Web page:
But Cucumber ultimately takes Henry seriously, and it steadfastly tracks the ripple effect his unraveling has on those around him. His sister Cleo (Julie Hesmondhalgh) is a chipper voice of reason until his experimentation affects her family life and eventually inspires some of her own. His crush Freddie (Freddie Fox), a bisexual Adonis who’s every bit as cruel as his looks allow him to be, finds himself begrudgingly invested in Henry’s problems. His ex-partner Lance (Cyril Nri) distracts himself by flirting with a brusque, deeply closeted coworker. Everything comes to a head in the sixth episode, which compresses an entire life’s worth of milestones — growing up, coming out, living through the AIDS crisis, moving to the city, settling down — into a breathtaking hour that feels like an excerpt from the more anthological Banana.

Channel 4
Channel 4

Speaking of: Banana is meant as a companion to Cucumber, with every episode telling the self-contained story of a character whose life briefly intersects with Henry’s, sometimes even offscreen, in the preceding episode of Cucumber. It’s the same deeply humanistic premise of the web series turned HBO show High Maintenance: No matter how tangential someone’s connection to a story we’re already invested in, pull the loose string hard enough and you’ll find another story equally deserving of our attention. There’s a similar tonal flexibility to it, too. Some chapters are one-act tragedies, like the unlikely romance between two men on opposite ends on the hotness spectrum that’s over before it can even begin. And others, true to the name, are sweet palate cleansers after the intensity of Cucumber.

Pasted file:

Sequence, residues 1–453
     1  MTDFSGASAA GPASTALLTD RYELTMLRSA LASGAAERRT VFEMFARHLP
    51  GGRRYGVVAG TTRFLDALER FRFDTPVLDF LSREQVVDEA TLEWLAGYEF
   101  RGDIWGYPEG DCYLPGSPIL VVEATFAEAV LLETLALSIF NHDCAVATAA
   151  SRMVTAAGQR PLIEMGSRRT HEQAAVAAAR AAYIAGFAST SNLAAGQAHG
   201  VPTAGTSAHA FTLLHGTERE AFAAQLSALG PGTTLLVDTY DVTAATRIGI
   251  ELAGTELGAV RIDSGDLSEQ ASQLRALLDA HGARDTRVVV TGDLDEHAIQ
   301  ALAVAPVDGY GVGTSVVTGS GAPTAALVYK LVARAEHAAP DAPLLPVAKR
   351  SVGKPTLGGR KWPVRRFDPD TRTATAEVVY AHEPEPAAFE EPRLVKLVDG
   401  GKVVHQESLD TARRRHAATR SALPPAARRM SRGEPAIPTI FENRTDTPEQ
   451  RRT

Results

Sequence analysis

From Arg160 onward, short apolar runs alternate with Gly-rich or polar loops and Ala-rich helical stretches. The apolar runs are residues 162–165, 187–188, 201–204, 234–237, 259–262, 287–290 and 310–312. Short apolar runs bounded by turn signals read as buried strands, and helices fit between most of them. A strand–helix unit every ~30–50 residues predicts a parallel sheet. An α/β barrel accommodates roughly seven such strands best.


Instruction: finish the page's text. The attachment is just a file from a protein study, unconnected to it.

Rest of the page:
But the same template that works so well for stoners in Brooklyn takes on an extra political dimension when it’s transposed onto the raucous mosaic of gay life in Manchester. Many of Banana’s characters live in the same industrial apartment complex as Henry; they’re young, broke, and coming of age in a time when being out has never held so much possibility or confusion. Grindr figures prominently here. So does revenge porn, and online dating, and one-night stands, and full-on romance. It’s a wide-angle snapshot of a way of life, one that’s dizzyingly fragmented and yet still a cohesive whole. That community bleeds between the two series and, in the final episode of Cucumber, joyously and cathartically comes together in the face of tragedy, if only for a moment.

It’s hard to watch Cucumber and Banana and not compare them to Looking, Andrew Haigh’s HBO series (and now movie), whose second season improved but still fell short of its potential. Among other things, Looking was criticized for failing to capture the texture and depth of gay San Francisco; set in the historical epicenter of gayness in America, it chose to center on a gentrifying tech worker who lives in the Mission. Cucumber/Banana manages to have it both ways: It locks onto Henry while it emphasizes that he’s one of many searchers wandering Manchester’s canal. Sexuality, Davies knows, is as maddeningly complicated as it is studiously ignored. Cucumber/Banana has the courage to take it head-on.